New payday loan rules in effect02 January 2018
SAINT JOHN (GNB) – New rules to protect New Brunswick consumers who take out payday loans came into effect on Jan. 1.
The maximum amount payday lenders can charge is now $15 per $100 borrowed, including all charges and fees. This is among the lowest fees in Canada. The new rules also allow consumers to change their minds and cancel a payday loan within 48 hours, without paying any charges.
“The new rules are similar to those across the country and offer better protection and information to those who feel the need to take out a payday loan,” said Rick Hancox, CEO of the Financial and Consumer Services Commission. “We want New Brunswickers to have confidence that payday lending is well-regulated. These new rules help to strengthen that confidence.”
The commission is responsible for the enforcement of the new act and rules, which help consumers by:
- Requiring all payday lenders to be licensed with the commission.
- Allowing the commission to take action on unlicensed activity and against those not in compliance with the legislation.
- Requiring payday lenders to display posters showing the rates charged.
- Limiting payday lenders from issuing a consumer more than one loan at a time or extending or renewing a loan at an additional cost.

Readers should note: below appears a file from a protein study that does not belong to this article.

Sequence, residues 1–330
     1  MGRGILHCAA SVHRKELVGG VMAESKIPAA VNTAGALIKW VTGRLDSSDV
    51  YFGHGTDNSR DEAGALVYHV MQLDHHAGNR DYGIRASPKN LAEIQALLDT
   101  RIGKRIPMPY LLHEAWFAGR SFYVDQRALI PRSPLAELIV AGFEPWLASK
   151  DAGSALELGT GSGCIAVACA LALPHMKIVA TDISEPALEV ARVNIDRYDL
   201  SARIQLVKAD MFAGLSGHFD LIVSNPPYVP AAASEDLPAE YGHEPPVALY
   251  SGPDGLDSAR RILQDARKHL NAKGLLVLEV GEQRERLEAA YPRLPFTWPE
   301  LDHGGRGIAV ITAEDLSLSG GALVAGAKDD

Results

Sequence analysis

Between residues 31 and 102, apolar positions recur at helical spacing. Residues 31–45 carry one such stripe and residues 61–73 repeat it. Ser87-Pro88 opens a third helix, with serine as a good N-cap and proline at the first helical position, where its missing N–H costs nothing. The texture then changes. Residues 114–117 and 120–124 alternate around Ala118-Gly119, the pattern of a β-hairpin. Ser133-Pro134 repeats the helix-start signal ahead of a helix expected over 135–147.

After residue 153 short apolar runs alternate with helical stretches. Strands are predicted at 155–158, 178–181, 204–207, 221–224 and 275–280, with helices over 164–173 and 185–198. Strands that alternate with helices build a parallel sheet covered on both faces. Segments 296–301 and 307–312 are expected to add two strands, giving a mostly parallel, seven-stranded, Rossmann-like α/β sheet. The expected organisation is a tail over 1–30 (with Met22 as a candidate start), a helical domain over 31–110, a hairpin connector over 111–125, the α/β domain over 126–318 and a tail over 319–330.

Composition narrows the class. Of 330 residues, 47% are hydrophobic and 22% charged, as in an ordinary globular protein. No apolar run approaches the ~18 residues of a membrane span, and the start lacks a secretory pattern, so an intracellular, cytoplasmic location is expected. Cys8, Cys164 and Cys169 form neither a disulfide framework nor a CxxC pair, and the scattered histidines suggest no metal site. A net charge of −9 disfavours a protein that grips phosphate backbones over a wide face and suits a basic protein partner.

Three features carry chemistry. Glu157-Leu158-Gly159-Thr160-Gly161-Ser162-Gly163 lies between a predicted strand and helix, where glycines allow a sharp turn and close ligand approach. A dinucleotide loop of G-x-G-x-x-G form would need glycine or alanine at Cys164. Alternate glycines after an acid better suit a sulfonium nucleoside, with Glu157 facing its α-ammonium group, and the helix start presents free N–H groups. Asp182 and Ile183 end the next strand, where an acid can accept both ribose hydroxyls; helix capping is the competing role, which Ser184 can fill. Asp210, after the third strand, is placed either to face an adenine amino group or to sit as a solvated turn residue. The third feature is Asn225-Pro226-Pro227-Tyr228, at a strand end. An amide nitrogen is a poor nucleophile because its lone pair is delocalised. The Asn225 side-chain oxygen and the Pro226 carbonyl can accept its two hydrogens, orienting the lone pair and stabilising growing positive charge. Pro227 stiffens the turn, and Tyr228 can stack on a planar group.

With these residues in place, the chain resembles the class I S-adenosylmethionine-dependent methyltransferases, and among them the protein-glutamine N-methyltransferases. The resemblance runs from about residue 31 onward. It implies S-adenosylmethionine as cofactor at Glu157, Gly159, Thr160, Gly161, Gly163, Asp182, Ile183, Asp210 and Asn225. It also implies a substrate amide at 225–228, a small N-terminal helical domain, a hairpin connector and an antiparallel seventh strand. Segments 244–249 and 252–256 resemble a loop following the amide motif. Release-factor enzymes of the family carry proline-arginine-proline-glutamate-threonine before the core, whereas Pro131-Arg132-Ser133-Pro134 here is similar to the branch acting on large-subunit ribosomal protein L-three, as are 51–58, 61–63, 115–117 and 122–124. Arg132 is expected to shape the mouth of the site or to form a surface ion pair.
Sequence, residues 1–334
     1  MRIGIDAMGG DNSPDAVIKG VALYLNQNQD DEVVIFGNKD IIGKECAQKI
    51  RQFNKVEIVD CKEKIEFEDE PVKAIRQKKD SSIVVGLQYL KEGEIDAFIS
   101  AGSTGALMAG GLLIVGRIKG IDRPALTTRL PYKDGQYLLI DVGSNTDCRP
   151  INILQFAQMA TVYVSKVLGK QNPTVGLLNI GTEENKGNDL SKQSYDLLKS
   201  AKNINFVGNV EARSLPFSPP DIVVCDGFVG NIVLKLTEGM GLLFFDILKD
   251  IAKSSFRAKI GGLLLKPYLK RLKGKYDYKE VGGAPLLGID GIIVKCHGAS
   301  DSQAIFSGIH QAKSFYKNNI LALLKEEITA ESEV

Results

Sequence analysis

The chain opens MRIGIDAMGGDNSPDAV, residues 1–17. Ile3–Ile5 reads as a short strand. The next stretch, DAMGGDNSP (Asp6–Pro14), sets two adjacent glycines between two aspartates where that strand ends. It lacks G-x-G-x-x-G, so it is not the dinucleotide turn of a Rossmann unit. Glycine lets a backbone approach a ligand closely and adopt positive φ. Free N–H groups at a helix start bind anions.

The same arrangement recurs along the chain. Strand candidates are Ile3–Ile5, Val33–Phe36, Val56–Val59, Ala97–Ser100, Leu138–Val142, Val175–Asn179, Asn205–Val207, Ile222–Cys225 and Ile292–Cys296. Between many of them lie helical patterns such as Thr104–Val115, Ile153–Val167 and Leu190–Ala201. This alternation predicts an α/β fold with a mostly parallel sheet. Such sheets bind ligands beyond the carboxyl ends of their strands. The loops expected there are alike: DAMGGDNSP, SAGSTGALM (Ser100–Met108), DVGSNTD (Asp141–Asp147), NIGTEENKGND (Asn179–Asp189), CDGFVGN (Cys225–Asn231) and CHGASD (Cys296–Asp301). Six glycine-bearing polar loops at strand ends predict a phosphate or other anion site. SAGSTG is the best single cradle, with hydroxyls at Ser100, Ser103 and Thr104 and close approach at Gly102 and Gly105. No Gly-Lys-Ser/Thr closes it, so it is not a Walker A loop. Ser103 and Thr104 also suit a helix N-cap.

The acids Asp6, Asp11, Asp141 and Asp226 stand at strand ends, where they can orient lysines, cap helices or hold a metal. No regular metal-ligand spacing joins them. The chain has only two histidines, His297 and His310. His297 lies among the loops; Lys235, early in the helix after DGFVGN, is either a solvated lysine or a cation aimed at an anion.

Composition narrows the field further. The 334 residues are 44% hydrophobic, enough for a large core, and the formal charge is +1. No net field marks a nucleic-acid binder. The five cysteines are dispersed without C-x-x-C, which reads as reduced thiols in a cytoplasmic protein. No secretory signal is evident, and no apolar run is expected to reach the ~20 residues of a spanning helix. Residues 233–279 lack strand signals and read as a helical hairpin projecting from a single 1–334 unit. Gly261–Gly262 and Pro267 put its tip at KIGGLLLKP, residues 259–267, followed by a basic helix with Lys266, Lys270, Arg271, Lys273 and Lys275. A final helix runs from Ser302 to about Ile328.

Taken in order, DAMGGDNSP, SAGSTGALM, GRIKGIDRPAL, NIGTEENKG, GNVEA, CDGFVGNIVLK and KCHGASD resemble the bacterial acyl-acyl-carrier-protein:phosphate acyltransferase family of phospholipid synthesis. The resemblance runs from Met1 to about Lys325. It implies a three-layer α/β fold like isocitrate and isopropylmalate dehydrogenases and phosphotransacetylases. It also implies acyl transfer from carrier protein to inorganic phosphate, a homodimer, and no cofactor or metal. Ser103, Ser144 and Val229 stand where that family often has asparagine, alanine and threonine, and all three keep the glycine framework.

- Limiting payday lenders from giving consumers a loan for more than 30 per cent of their net pay.
- Making insurance on the loan optional.
Consumers can check out the commission’s website for information on the new rules, what is involved in taking out a payday loan, and how to make informed credit decisions.
Payday loan infographics:
- What are the rules for payday lenders?
- Can a payday lender do that?
- How do payday loans work?
- What does a payday loan cost?
The Financial and Consumer Services Commission has the mandate to protect consumers and enhance public confidence in the financial and consumer marketplace through the provision of regulatory and educational services. It is responsible for the administration and enforcement of provincial legislation that regulates the following sectors: securities, insurance, pensions, credit unions, trust and loan companies, co-operatives, and a wide range of other consumer legislation. It is an independent Crown corporation funded by the regulatory fees and assessments paid by the regulated sectors. Online educational tools and resources are available.